On 4-3 defense and how DeForest Buckner, Arik Armstead fit in:
I think they fit very well. And that’s one thing I think I want to make sure, and I really believe it, I think Trent Baalke did a great job of getting guys that really, yes they were picked for one system, but I think they transition very well to our system. And, one thing we’ve talked about, Kyle and I, from the start, and it’s often a buzzword, but we really mean it, we wanna play with great urgency, with great aggressiveness, and so one of the things that I’m excited to see those guys, they were very much in a read-and-react posture. I’m excited to cut ‘em loose, and when we say aggressive, that doesn’t mean we’re blitzing every play. It means we’re getting off the ball. On the snap, we’re taking the fight to them, and I think these are guys that fit what we’re gonna do very well. And we’re quite excited about it. They’re going to be coached hard. They’re going to be asked to sprint to the football, wherever it is. And so, that doesn’t just come natural. Those are habits that you have to pick up. I’m really excited about our defensive line coach, Jeff Zgonina. He’s a guy who played that way, he lasted a long time in this league, and I think that was an important hire for us. And I’m thrilled with what he’s going to bring, and the way that those guys are gonna play. But, I couldn’t be more excited, and as you mentioned before, people talk 3-4, 4-3; 70 to 75 percent of this game now is played in sub or nickel. And at that point that’s kinda out the door. It’s, can you stop the run, and can you go get the guy throwing the football and bring him down. And we think both those guys have great potential to do that.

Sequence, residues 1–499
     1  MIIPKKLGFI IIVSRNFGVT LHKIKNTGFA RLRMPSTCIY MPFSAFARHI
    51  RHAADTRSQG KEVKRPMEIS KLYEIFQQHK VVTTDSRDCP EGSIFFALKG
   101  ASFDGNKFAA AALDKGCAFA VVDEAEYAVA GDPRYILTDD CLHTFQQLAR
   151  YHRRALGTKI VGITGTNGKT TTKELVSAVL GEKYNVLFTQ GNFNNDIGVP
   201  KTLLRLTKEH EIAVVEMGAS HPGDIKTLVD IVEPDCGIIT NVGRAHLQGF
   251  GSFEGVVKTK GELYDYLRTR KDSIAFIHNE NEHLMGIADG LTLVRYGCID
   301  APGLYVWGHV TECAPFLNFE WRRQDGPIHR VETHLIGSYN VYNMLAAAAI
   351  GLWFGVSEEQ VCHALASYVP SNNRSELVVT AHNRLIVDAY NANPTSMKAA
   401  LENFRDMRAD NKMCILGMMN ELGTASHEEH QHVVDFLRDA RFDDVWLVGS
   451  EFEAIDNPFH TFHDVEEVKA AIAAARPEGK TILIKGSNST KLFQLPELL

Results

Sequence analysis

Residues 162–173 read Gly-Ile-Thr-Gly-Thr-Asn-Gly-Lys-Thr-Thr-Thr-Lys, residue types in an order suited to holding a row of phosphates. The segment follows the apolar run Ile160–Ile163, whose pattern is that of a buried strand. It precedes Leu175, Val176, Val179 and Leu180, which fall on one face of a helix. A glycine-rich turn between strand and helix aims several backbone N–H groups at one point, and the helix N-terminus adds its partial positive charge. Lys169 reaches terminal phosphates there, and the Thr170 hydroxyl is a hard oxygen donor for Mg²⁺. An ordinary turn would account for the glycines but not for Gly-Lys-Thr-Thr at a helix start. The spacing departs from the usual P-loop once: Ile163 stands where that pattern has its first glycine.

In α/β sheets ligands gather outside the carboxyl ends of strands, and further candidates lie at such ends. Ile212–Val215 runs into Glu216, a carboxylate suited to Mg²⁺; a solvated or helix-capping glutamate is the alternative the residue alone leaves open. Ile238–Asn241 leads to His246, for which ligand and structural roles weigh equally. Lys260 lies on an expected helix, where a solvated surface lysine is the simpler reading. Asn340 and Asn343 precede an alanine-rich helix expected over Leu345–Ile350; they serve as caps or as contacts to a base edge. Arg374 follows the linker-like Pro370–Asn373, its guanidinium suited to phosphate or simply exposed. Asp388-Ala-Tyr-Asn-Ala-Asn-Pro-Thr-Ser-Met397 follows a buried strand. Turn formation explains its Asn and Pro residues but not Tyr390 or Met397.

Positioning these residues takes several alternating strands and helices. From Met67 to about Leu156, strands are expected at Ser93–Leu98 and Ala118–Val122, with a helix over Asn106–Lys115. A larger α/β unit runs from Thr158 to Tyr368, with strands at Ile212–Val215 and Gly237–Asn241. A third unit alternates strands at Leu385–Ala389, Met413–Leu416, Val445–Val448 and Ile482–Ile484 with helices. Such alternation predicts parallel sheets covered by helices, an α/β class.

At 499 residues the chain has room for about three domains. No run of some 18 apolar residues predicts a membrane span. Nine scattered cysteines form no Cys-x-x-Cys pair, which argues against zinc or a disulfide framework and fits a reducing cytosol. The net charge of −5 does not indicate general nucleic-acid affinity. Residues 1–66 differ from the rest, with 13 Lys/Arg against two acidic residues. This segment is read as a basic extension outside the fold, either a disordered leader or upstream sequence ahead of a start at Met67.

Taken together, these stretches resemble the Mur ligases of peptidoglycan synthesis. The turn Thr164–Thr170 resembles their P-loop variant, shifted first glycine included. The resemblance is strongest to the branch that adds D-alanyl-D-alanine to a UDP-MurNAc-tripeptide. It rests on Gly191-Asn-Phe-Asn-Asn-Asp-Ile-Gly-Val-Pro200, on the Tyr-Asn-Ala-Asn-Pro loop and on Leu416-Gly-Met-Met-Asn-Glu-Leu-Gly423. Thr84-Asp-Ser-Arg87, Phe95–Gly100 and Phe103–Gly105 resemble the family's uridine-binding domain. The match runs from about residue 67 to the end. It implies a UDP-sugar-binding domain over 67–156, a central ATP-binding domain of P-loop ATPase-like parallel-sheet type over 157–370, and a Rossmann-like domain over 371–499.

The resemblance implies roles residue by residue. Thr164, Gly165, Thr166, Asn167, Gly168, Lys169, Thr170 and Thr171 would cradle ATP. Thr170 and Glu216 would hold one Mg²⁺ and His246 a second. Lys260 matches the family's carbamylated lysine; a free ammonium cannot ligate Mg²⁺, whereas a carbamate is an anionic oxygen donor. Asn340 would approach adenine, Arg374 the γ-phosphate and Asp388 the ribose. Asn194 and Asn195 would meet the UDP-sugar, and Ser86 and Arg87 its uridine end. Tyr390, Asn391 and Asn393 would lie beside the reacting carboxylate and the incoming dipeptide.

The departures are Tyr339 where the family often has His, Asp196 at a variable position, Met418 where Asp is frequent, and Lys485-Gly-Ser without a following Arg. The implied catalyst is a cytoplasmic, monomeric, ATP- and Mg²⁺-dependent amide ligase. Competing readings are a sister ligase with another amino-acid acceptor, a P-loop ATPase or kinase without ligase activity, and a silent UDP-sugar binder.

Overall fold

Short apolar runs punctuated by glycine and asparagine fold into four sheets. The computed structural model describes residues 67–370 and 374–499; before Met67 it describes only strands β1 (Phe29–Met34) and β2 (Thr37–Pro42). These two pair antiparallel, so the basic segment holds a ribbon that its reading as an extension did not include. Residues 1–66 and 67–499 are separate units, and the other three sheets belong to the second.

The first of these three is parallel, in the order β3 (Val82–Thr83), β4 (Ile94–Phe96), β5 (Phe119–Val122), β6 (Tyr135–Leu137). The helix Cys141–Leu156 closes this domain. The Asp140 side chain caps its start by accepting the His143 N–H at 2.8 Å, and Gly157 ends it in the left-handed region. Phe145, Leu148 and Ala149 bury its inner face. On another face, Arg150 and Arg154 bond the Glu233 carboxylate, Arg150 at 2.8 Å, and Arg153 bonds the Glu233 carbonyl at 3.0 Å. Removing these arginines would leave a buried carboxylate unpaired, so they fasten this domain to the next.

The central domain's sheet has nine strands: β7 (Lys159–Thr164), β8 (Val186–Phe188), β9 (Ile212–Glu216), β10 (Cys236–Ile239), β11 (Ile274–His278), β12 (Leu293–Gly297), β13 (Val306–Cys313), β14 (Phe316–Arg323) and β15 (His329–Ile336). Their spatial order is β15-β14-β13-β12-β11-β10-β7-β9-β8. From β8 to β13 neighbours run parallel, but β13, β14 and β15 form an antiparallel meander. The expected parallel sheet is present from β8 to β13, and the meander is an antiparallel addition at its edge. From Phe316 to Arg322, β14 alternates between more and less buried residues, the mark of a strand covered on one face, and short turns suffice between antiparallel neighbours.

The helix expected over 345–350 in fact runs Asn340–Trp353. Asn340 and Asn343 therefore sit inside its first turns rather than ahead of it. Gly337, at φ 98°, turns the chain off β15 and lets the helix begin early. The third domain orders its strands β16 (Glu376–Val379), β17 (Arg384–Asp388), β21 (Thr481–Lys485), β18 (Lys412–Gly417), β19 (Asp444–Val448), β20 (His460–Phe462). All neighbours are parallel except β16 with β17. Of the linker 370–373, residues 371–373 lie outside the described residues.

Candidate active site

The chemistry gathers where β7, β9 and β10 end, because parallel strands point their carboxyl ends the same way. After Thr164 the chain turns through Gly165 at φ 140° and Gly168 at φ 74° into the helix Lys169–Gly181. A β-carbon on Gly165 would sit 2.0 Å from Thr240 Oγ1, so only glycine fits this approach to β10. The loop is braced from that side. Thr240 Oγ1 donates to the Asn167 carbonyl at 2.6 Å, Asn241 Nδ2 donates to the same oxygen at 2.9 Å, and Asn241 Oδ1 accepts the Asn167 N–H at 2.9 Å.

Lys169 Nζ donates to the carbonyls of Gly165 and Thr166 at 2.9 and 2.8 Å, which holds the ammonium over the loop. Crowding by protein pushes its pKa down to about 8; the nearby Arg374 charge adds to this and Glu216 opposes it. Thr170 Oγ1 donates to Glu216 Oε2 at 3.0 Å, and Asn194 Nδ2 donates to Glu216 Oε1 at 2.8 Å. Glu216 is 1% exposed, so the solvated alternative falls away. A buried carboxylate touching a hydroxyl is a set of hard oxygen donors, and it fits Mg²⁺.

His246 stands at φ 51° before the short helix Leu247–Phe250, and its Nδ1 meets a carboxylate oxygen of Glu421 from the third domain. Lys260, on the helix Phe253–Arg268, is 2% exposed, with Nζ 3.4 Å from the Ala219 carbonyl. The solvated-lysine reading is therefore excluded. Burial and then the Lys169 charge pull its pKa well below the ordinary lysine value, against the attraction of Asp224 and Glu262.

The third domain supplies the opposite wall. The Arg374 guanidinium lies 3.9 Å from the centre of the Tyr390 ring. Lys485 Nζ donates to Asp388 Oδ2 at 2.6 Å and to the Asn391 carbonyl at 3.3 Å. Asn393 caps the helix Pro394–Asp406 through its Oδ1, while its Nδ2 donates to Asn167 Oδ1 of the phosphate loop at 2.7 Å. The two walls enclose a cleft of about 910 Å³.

On losing Tom Rathman and importance of bringing more veterans back into the fold:
It’s really important. That one hurt from the standpoint of, we never thought that would come to fruition, because Kyle was very upfront from the start. And he said, if I can get Bobby Turner, we’re gonna get Bobby Turner. But he never thought he could get Bobby Turner. Somehow the Falcons let him go. And I think if you know the history, Bobby Turner’s been with Mike Shanahan, coached Terrell Davis, coached all those guys, Olandis Gary, Mike Anderson, all those guys who had thousand yard seasons in Denver. And he went with Kyle to Washington, and he’s been with Kyle all over this league, and in Atlanta. So when we had this opportunity, Kyle and I approached Tom about creating a role. We wanted him around, we wanted his presence. He’s a 49er and he belonged here. But he’s a running back coach, and that’s important to him. I think he appreciated the way he felt welcomed, but he made very clear that he’s a running back coach. And we hated to see him go because he represents what we’re trying to be. We left on great terms, and that one hurt, the fact that he’s not here. But he had a decision to make, and we respected that as well.